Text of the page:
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Calcisand?

Discussion in 'Product Questions' started by IGGYOWNER, Dec 11, 2006.

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  1. Rich

    Rich Administrator Staff Member Premium Member

    Hello,

    I just took the time to read this thread, and the deleted posts from this thread (I can see what has been deleted). I have to say, I am less than impressed by how some of you have handled yourselves.

    Substrate debates do not make one person "right" or "wrong". It's all about experience, research, and the route that each keeper decides to take.

    Particulate substrates come with risk. Everyone that keeps reptiles and has read about them online is aware of this.

    Certain species are more supseptible to impaction and complications when kept on certain substrates. While there may be risk with all substrates, it is the keepers decision whether they choose to use them or not. All anyone else can do is try to share what they have learned.

    The title of this thread is "Calci-sand?". Calci-sand, in my opinion, is one of the absolute worst substrates on the market. Anyone who wishes to use sand in their enclosures should avoid calci-sand and stick with normal, small grained, washed playsand.

    Calci-sand is vastly composed of calcium carbonate. Calcium carbonate is the active ingredient in many antacids. When consumed, it can and will neutralize the acid content in the stomach. With reptiles, this is dangerous. Seeing as accidental consumption is likely, they could easily consume enough of this substrate to make their stomach acids ineffective at digesting even additional calci-sand. The problem though is that it can impair the ability to digest food adequately. It is also worthy of noting that calci-sand includes a "dust". This dust can cause eye irritation. The dyes used to color the sand is also noted as staining the skin.
     
  2. Dawg

    Dawg Elite Member

    here here marsha i do not use sand with my leos or beardies i only use sand in my fishtank and my fish never get impacted so im going to go with if you want sand use it you can always feed in a different container and in the case with a uromastyx they dont eat bugs often so they mostly eat out of a dish mine never drags his out of the dish so i feel theres little to worry about and if you are grab a slate tile and put it under his dish on top of the sand. as a food stand
    my 2 cents
    (BTW my uro is on repti carpet and when he wants to dig he just goes under neath for cover)
     
  3. joeking

    joeking Elite Member

    You must have not listened either MoogleBass...I did not say you did not do research and I stated that with a uro I'm not familar with their backgrounds so I do not know but I...which means me...myself...would go with something different. Not trying to rip you MoongleBass just wanted to let people be aware that it isn't safe for everything and just because someone uses it and says it safe is doesn't mean it is. They should always do research themselves instead of listening to strangers on the internet. I did not say all who use sand are in the wrong for doing it, you did.

    I know a lot of people feel attacked every time the sand thing comes up when they're using it and there are people who freak out about using it with anything because they've seen geckos die from it and I do understand that there are things that naturally live on it and would be a lot happier to have a natural environment. I'm not attacking people using sand I'm stating that be aware of what your about to do (not you MoogleBass...people who haven't researched it).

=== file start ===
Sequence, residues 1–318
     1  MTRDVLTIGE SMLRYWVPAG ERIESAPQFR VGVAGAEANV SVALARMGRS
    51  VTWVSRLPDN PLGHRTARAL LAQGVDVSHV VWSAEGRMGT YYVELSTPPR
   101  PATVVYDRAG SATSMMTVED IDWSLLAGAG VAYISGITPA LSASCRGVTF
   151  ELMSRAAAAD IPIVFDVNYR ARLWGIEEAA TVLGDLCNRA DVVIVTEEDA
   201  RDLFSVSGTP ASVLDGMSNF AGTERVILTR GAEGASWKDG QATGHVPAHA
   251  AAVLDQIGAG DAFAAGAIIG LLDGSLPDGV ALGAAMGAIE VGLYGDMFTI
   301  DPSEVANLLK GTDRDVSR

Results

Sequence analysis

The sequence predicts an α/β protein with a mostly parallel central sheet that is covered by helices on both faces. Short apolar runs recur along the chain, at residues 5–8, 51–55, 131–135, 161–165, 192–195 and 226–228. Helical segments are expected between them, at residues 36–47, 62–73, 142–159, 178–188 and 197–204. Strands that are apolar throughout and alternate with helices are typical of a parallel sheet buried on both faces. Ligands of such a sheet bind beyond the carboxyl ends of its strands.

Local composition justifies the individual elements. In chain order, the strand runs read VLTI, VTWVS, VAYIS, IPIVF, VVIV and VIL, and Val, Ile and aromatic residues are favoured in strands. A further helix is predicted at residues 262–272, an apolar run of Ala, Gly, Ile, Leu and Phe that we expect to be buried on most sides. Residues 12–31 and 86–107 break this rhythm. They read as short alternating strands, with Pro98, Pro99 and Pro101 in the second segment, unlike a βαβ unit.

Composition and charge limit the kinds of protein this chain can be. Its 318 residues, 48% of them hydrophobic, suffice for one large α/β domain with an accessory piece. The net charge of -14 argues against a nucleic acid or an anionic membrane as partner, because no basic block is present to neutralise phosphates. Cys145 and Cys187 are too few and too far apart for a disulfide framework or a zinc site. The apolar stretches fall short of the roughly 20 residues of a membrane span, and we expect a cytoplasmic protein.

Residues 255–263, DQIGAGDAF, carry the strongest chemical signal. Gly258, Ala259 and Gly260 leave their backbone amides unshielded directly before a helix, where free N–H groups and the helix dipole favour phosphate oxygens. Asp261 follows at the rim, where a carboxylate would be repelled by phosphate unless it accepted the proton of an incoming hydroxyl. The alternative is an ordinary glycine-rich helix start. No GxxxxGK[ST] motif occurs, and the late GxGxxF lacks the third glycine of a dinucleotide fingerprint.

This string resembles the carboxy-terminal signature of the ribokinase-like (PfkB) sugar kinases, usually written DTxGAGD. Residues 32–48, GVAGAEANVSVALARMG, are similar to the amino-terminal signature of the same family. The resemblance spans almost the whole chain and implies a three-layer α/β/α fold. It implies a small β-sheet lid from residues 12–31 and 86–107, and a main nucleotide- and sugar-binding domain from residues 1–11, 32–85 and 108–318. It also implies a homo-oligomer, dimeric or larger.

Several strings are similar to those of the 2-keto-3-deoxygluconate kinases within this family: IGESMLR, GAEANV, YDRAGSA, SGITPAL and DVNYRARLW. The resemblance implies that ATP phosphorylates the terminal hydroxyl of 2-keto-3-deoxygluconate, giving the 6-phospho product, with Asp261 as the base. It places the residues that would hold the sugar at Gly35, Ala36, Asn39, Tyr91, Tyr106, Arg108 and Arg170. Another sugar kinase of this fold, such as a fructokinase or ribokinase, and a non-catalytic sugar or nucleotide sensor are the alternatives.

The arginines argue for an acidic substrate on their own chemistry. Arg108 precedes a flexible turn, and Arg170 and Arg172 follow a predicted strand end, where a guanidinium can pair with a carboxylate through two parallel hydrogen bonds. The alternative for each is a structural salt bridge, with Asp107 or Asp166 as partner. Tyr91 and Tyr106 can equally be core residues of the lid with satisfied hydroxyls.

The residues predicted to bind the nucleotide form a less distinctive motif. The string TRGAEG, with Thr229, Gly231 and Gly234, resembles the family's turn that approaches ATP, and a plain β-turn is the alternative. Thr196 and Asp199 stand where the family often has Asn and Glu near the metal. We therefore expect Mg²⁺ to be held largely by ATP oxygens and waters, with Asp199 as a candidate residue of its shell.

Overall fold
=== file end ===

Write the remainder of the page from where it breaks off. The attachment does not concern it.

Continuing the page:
You had no reason to say anything like that to me or claim anything about me. I have no problems with people using sand as long as they actually clean it and its with something that belongs on it.
     
  4. lizlover5

    lizlover5 Well-Known Member

    I think my posts were the ones mostly deleted for getting a little out of hand. But I'm sure you know, when you try to explain something to someone and they are too thick to understand, it gets a bit frustrating.

    I don't really have any view on either substrate, I just would rather not risk anything with any sort of sand so I use paper towel and newspaper. I have even read that Uromastyx can be kept semi-humid and also given a water dish. I haven't had much luck with any humidity when I tried, the water evaporated too fast. If you are interested in learning about it go to www.proexotics.com and loo under their care information for their Uromastyx...

    Alex
     
  5. Merlin

    Merlin Administrator Staff Member Premium Member

    There was enough rudeness and lack of civility to go around on ALL parts! And none of it was required to have a discussion even with opposing viewpoints. Thats why I removed ALL of the posts!
    When you have been doing this as long as I have you will also learn that as soon as that type of dialog begins the discussion is over and no one is going to learn anything!
    Not even something that just might make someone reconsider THEIR side of the argument and possibly result in better care for EVERYONE'S animal.

    And isn't that the goal?
     
  6. KrokadilyanGuy3

    KrokadilyanGuy3 Elite Member

    For young animals, humidity is a very good thing.

    Uros can tolerate low amounts of humidity, and mine is supplied with a water bowl. But since most of its day is basking, humidity is going to be greatly reduced if your basking area is properly set up.

    I also include a hide with moist moss to make sure he gets enough hydration.
    When Uros aren't basking, they're usually in rock crevices and in low lying vegitation.
     
  7. MoogleBass

    MoogleBass Kittes are so nice! Premium Member

    The way your post came off JK is that it was directed to me. Cause you said your geckos. I said what i said to make my point known. I knew the second I said, "I use sand" there would be some to say something. See heres the thing I was defending my point and my care for my animals,I was poked, so I poked back. I know sand is generaly a bad idea for most things. Thats why they make Google, its a wonderful tool. Use it.
     
  8. KrokadilyanGuy3

    KrokadilyanGuy3 Elite Member

    I hate Google. It never gives me answers for questions I truely have. It's good for common situations, I guess, but I like to just make stuff up.